Alpine fire only the beginning |

Alpine fire only the beginning

A conflagration somewhere in eastern Alpine County is usually the precursor to Carson Valley’s fire seasons.

That this year it waited until the middle of July is a testament to the wet winter that just passed.

But warm temperatures and drying winds have turned grasses along the Sierra Front to tinder, just waiting for a spark.

An 1,100-acre wildfire that threatened Spanish Springs over the weekend showed what can happen.

Fortunately, firefighters are able to muster the numbers to fight these early blazes to a standstill.

But as the summer continues, that will begin to be more and more difficult as the number of fires starts to increase.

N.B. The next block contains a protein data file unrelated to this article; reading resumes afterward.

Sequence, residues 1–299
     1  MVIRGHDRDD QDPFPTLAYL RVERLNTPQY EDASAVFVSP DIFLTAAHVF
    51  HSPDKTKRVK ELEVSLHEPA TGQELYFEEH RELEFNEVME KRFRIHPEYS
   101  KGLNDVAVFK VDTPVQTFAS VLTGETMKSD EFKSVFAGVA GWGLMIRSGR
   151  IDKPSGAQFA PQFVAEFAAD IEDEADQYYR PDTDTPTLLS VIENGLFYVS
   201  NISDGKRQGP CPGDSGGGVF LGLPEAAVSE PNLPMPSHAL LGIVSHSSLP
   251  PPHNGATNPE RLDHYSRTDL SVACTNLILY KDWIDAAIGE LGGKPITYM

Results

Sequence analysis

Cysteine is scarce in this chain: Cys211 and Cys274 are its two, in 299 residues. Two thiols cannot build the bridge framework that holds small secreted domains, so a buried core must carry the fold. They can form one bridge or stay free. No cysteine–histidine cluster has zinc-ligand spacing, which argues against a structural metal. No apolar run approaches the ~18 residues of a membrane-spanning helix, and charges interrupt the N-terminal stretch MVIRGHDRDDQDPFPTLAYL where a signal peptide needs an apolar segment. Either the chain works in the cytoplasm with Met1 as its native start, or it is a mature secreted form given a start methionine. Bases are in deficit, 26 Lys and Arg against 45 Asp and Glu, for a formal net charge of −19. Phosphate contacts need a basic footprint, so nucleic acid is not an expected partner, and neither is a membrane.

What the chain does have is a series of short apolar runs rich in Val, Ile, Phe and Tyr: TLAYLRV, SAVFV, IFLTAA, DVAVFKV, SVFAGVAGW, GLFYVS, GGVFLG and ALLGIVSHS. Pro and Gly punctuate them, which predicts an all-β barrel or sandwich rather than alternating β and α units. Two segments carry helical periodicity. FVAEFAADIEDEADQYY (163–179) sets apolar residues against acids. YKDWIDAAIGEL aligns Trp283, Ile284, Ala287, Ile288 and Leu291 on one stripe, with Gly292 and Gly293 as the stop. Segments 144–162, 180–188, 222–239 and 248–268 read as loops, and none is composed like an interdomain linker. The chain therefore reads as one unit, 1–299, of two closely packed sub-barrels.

We’ve only seen two red-flag warnings for extreme fire danger so far this summer, and it seems that when they are in effect people are extra careful.

But the real danger is when fire safety is not top of mind. We hope people are smart enough not to set a campfire in these conditions, but as we saw with Spanish Springs, ignition doesn’t require an actual flame.

Two target shooters allegedly began that fire. We’ve already seen grinder sparks ignite the grass over in the East Valley. Something as unexpected as a hot exhaust could be sufficient to start a major fire.

NV Energy has been conducting public meetings about its new public safety management outage program designed to keep power lines from sparking a blaze, which is what allegedly happened in Paradise, Calif., with the Camp Fire.

No matter how careful we are there will be fires, thanks to natural phenomenon such as lighting. But at least those fires announce themselves with a flash of light.

If you’re out in the wilderness avoid creating sparks. If you live near the wildland, or even an unkept field, be prepared for a wildfire.